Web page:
Saturday, 25 September 2010
Firebrand by Gillian Philip
I was at the Glasgow launch of Firebrand by Gillian Philip last night. Gillian is a writer of young adult books who is going places. Her publisher received an advanced notice of a review that The Times are planning to run in October. A quick quote from their reviewer contained the words “the best fantasy book of the year”.
Praise doesn’t come much higher than that.
So what’s it all about? The blurb runs like this...
“It is the last decade of the sixteenth century: a time of religious wars in the full-mortal world. But the Sithe (pronounced She) are at peace, hidden behind the Veil that protects their world until their queen, Kate NicNiven, determines to destroy it. Seth MacGregor is the half-feral son of a Sithe nobleman. When his father is assassinated, and Seth is exiled with his brother Conal to the full-mortal world, they vow not only to survive, but to return to reclaim their fortress and save the Veil. But even the Veil’s power cannot protect the brothers when the brutal Scottish witch-hunts begin... Brimming with intrigue and rebellion, Firebrand is the first book in the Rebel Angels series by Gillian Philip, the Carnegie Medal-nominated author of Crossing the Line and multi-award nominated Bad Faith.”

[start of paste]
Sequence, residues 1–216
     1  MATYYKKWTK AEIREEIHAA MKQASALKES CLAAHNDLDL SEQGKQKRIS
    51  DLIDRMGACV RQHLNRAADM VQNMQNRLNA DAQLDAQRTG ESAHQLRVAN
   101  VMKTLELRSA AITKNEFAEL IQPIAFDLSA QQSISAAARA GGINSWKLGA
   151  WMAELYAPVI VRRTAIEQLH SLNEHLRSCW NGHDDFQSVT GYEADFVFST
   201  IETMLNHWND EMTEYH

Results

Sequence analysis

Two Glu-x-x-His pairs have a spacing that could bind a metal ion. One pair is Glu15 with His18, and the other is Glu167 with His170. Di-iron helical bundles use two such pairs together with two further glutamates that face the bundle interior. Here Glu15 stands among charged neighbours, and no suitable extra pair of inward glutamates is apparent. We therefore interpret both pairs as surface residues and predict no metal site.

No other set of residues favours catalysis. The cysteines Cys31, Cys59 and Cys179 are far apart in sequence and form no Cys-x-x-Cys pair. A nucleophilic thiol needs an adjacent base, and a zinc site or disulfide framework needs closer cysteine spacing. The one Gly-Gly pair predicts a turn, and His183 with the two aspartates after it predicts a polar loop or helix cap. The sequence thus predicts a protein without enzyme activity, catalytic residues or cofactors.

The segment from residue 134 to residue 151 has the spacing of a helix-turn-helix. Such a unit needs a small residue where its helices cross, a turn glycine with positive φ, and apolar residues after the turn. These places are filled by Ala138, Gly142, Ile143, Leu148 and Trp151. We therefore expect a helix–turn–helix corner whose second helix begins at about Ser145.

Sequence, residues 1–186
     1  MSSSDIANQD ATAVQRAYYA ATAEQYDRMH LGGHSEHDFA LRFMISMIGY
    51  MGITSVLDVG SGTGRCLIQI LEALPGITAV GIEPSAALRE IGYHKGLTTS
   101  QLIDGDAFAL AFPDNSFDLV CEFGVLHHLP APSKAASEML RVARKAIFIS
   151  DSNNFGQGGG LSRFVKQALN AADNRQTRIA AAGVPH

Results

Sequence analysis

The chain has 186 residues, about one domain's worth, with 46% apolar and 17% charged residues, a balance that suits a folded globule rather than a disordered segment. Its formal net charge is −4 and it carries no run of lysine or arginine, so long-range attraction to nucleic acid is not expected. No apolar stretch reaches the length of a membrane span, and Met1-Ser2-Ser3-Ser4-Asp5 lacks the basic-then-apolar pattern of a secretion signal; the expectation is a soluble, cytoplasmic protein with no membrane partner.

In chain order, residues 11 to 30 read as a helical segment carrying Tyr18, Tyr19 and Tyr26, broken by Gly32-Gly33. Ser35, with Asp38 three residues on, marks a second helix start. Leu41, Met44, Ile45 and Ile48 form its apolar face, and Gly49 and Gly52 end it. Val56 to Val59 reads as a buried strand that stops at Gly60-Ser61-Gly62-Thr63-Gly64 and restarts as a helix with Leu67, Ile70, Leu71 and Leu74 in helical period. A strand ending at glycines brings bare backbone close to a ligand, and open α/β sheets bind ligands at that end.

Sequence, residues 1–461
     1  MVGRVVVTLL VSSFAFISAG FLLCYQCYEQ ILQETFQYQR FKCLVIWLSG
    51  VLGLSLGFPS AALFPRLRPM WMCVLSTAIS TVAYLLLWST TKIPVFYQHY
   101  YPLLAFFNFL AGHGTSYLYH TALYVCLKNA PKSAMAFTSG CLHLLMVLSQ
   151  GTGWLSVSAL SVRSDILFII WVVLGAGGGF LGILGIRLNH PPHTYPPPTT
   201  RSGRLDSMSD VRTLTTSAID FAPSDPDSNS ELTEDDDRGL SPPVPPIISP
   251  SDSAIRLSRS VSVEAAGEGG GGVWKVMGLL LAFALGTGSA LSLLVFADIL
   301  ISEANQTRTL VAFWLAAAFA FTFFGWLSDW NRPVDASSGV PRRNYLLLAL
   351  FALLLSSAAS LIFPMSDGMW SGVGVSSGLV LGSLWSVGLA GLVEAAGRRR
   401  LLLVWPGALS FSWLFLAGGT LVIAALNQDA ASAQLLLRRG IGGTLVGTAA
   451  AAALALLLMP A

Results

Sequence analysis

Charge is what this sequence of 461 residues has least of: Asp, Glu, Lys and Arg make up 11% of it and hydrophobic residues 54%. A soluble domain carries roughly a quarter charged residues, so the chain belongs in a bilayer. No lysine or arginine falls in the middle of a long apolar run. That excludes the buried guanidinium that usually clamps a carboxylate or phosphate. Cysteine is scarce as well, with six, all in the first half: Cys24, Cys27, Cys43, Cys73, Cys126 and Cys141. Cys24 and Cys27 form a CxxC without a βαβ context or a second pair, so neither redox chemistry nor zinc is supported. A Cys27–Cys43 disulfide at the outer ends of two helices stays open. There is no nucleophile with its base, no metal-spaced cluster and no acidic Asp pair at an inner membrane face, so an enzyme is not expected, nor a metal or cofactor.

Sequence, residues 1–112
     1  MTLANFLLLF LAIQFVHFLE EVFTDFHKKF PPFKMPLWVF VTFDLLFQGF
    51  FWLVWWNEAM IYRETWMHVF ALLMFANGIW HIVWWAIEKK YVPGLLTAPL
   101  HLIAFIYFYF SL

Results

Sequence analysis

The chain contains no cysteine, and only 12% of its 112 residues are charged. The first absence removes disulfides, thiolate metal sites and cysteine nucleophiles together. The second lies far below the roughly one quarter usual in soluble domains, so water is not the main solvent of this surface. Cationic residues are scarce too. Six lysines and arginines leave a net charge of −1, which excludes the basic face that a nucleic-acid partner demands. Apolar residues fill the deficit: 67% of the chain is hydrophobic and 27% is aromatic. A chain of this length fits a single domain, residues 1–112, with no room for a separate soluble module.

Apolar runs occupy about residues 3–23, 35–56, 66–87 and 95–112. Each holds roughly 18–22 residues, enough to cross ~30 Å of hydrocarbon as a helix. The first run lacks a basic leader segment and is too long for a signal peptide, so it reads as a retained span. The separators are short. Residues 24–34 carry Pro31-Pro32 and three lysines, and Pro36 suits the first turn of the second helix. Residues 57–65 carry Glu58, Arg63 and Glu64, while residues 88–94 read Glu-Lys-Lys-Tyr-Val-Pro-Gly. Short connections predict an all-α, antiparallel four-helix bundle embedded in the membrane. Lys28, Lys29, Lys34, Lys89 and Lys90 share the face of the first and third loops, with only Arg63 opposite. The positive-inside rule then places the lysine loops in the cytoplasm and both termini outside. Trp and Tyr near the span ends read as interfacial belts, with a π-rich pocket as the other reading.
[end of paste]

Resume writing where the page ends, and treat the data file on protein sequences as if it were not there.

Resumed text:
Although Gillian is a YA writer this is a book with universal appeal. The themes, the characters, the writing, the action – boy, the action are all elements that will be enjoyed by everyone.
Gillian is one of those writers who writes books that make you forget you are actually reading. So effortlessly convincing is her prose that you experience the book in the screen of your mind rather than on the page. Seriously.
She writes about characters you pin your heart on – I heard a grown woman last night talking about Seth McGregor in terms you only normally hear when the ladies (and quite possibly a few boys) are talking about the likes of Pitt and Clooney.
Her sense of place and time in Firebrand is so strong you’ll think you’ve actually visited 16th century Scotland through some form of time continuum thingummijig. The Tardis in book form if you like.
But all of this will only take you so far without a story and that’s where Gillian excels. Her storytelling ability is wonderful. The cliché “edge of my seat” never was more apt. This is a lost weekend kinda book, so stock up on coffee and cookies, pick it up, dive in and tell your nearest and dearest you are “out” for the duration.